Cowley poffeffed a facility of verfification, but his poetry is neither clasfical in its conception, nor correct in its execution. See Morbof, vol. i. p. 1065.

ended with a tranflation of the Latin declaration of the Poles in favour of John the Third. Some doubts, however, have been entertained as to this tranflation having proceeded from the pen of Milton; but as they turn entirely on the internal evidence of the ftyle, they can admit of no perfect solution.*

Milton had long been a fufferer by the gout, which had now, with the advance of age, greatly enfeebled his conftitution. Confidering that his life was about to close, he informed his brother Christopher that he wished to dictate to him the diftribution of his property. He died by a quiet and filent expiration, on Sunday the 8th of November, at his houfe in Bunhill Fields, in the fixtyfixth year of his age, having furvived the lofs of his fight for three and twenty years. He was buried next his father in the chancel of St. Giles, Cripplegate, attended, as Toland informs us, " by all his learned and great friends in London, not without a friendly concourse of the vulgar." His wife furvived him the long period of fifty-four years. Her receipt to the bookfeller for the copyright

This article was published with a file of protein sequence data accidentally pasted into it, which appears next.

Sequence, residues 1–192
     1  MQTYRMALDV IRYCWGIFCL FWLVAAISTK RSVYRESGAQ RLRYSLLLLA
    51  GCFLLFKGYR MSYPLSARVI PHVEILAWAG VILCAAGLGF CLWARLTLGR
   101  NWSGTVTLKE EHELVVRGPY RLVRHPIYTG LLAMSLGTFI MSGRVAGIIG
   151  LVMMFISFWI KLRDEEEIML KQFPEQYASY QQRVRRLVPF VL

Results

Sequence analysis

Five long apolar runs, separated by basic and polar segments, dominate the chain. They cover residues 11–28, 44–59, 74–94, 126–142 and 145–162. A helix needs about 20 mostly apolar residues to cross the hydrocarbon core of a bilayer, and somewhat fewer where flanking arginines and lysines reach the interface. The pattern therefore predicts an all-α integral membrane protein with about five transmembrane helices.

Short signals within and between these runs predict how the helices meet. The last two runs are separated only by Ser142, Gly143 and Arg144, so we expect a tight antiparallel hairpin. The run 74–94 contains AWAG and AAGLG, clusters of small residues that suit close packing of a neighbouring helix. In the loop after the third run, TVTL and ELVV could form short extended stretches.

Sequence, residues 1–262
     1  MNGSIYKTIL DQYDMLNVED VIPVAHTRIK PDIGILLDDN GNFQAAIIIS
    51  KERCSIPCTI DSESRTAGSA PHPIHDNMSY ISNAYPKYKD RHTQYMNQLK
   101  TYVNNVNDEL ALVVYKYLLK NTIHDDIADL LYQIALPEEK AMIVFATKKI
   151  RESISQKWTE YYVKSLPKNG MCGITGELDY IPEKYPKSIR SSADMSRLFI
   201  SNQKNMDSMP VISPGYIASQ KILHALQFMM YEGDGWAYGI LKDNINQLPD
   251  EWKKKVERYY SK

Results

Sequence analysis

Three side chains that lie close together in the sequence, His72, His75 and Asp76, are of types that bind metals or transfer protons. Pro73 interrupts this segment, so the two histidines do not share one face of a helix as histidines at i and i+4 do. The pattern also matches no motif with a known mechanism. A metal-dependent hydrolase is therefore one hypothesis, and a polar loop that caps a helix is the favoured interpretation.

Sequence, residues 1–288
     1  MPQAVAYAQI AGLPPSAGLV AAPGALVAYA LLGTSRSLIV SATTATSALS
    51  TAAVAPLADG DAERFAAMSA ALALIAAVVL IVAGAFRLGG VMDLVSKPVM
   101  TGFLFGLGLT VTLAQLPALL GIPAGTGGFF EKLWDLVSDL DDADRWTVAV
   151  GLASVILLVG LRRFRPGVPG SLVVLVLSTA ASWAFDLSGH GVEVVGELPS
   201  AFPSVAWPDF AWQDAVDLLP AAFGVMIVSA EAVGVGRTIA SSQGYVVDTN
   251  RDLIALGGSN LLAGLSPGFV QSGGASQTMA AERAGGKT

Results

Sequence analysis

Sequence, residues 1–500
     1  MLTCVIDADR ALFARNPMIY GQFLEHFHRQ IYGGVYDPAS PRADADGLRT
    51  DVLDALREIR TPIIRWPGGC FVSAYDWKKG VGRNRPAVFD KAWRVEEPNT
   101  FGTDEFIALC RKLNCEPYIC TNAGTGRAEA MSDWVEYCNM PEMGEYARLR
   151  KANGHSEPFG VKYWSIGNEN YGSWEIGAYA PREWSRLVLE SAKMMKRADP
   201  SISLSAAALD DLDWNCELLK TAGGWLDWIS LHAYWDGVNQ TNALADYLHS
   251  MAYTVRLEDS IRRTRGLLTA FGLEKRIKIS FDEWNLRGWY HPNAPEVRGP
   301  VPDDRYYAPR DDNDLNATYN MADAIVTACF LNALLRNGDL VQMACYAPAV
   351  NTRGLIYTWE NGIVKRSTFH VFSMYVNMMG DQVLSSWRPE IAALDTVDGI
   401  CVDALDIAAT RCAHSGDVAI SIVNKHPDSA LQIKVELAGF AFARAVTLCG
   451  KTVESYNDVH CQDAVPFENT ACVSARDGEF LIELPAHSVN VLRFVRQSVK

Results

* Milton left in MS. a brief History of Moscovia, and of the other lefs known countries, lying eastward of Ruffia as far as Cathay, printed in 1688. On his tract concerning the militia, 1642, 4to. unnoticed by the biographers, fee Todd's Life, (first ed.) p. 127. In a Collection of Poems by C. Gildon, 1692, 12mo. p. 92, is Julii Mazarini Cardinalis epitaphium, auctore Joanne Milton. v. State Poems, vol. i. p. 56. Mr. Godwin, in his Life of Philips, p. 190, has mentioned a poem attributed to Milton, in State Poems, 1697, in which is-" Noah be d-d." On the works attributed to him, fee Todd's Life, p. 133-138; and Newton's Life, p. lxxxiii.